I try to keep my own opinions as far away from myself as possible – not to hide from them but in order to laugh at them – yet like everyone else I get caught up from time to time. I got caught up a few days ago by some guy who delivered a speech outside Michigan’s State Capitol, because I found it strange that I more or less agree with him. I think it’s worthwhile to briefly examine our points of agreement – and our points of contention. Somewhere in that space there might be a hint of the politics to come.

Continue reading “An Over-Analysis of Some Guy’s Proto-Revolutionary Speech”

The Decameron Stories – Day Two

In the year 1348, while the Black Death went scything through Italy, ten young people took refuge in the countryside outside of Florence. To pass the days as they waited for the Reaper to be on his way, they told each other stories.

On the second day of story-telling they elected Filomena their queen. She demanded from each of them a tale of misfortune, which must end unexpectedly with happiness. So one by one they went stumbling through hazards and sorrows, until ten happy endings left them breathless under the setting sun.

Then, as on the first day, they all looked up from Boccaccio’s dusty pages and waited to hear what I would say.

“We enjoyed your first story very much,” said Filomena, “and we appreciate that you told it according to our fourteenth century customs. But we beg you to speak more freely and in keeping with your own times. Shock us if you must. We won’t hold the centuries against you.”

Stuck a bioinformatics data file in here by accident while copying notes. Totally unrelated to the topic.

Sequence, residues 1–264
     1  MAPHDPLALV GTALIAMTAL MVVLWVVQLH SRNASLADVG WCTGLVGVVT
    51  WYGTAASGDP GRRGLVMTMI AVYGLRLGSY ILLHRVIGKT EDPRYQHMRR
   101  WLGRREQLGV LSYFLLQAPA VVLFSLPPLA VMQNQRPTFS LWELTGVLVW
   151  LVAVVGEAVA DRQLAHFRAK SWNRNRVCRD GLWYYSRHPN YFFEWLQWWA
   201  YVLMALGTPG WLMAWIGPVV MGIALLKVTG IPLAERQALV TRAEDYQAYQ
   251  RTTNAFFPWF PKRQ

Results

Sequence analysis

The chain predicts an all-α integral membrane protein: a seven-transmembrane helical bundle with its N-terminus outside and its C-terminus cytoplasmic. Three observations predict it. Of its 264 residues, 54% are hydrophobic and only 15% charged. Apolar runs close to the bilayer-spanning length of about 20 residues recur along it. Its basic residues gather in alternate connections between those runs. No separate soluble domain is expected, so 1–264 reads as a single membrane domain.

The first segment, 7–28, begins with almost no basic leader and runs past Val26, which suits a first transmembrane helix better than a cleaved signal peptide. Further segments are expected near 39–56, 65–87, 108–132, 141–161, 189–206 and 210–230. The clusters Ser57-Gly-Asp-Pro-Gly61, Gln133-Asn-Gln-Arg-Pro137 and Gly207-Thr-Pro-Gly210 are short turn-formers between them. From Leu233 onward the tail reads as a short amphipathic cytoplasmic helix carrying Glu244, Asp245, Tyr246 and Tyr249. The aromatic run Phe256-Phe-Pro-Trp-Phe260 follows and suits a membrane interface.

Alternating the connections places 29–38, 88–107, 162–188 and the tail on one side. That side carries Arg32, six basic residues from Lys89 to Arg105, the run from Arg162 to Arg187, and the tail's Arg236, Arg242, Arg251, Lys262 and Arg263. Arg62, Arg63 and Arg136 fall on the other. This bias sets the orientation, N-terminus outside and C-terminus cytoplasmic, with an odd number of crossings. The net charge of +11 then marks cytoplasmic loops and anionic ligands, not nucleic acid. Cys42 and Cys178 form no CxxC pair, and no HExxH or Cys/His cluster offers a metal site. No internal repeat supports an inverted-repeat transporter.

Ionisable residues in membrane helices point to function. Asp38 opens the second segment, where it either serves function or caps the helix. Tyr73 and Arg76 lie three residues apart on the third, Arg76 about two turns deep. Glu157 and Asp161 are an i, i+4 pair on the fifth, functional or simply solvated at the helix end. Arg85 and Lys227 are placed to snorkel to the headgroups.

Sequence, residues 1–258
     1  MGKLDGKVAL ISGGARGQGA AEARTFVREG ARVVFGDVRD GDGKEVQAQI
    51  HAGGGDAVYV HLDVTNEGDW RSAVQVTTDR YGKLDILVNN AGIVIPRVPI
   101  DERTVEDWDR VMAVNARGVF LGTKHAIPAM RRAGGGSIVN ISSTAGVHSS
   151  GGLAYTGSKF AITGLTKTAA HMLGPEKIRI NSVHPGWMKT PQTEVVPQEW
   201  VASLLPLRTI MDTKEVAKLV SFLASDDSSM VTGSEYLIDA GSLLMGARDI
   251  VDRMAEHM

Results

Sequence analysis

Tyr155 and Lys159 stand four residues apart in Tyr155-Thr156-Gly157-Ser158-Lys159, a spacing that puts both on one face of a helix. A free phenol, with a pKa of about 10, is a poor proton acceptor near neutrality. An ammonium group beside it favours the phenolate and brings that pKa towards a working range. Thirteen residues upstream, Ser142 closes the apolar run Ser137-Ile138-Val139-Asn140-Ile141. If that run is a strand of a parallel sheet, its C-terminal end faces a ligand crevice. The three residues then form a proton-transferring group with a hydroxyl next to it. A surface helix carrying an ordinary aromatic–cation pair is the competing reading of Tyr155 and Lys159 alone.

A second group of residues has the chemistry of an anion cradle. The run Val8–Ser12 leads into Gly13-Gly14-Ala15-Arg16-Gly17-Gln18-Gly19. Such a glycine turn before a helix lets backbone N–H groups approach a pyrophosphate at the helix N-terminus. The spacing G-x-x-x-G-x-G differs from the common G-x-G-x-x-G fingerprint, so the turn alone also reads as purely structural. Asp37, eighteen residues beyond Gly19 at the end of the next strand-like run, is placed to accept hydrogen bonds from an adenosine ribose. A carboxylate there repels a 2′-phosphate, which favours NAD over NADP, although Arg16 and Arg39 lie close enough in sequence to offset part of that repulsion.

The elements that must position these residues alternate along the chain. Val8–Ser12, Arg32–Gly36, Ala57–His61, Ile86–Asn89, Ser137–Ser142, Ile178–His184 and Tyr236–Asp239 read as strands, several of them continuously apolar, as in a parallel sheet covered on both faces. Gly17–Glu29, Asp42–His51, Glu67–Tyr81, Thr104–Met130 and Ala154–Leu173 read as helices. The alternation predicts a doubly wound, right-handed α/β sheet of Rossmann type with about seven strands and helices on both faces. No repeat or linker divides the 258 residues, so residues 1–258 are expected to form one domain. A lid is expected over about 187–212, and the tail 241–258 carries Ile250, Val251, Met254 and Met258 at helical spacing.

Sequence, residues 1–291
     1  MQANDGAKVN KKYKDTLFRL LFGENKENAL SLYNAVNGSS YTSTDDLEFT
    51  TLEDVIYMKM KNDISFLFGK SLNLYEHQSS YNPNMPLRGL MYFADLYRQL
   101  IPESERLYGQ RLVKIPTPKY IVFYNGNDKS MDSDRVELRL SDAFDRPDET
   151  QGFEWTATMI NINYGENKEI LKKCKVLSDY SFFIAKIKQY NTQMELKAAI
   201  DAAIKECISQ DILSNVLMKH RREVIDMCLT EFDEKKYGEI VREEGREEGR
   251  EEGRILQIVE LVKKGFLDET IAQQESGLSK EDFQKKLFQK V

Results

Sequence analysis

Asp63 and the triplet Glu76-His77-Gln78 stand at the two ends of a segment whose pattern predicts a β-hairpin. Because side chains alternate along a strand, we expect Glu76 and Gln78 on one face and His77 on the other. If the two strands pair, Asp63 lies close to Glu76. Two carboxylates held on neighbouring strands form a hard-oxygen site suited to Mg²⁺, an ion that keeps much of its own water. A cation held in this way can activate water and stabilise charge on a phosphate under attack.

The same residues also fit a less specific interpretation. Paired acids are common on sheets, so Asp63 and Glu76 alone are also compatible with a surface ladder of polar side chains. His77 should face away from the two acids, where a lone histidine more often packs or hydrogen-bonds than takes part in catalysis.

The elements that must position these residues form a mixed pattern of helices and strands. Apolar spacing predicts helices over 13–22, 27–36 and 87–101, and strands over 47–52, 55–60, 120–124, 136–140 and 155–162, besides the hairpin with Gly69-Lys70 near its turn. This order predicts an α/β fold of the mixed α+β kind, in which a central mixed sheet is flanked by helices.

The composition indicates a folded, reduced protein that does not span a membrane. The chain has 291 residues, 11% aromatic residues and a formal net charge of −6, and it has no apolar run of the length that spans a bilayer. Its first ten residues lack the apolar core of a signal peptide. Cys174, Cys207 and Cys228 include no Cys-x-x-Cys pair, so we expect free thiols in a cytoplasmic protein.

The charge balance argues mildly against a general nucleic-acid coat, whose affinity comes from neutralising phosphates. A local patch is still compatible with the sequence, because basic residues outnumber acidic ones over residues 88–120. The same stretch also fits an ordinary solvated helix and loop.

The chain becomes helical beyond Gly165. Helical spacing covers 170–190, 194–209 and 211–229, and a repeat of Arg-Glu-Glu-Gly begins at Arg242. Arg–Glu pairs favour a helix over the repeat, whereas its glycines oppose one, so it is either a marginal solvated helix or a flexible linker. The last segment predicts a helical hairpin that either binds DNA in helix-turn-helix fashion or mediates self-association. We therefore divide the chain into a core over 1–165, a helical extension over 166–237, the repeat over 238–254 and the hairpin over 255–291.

So I told them a tale from my own time, inventing at will as I went along.

Day Two

the tale of the Ford

Once upon a time there was a

2013 Ford Fusion

tuxedo black with beige interior

front wheel drive

 some kind of engine

 automatic transmission

 120,000 miles

The lady wanted seven thousand for it, but Josh had talked her all the way down to five.  On condition that he paid cash today. 

Continue reading “The Decameron Stories – Day Two”

The Decameron Stories – Day One

In the year 1348 as the Black Death went scything through Italy, ten young people took refuge in the countryside outside of Florence. To pass the time as they waited for Death to be on his way, they told each other stories.

On the first day of story-telling they elected Pampinea their queen. She demanded from each of them a story about anything at all, because it was her wish that the teller had freedom for a tongue. So one by one they ventured into topics of their choosing, until ten tales were told and the day was nearly spent.

Then, very much to my surprise, they all looked up from Boccaccio’s dusty pages and patiently waited for me.

Day One

the tale of the bean counter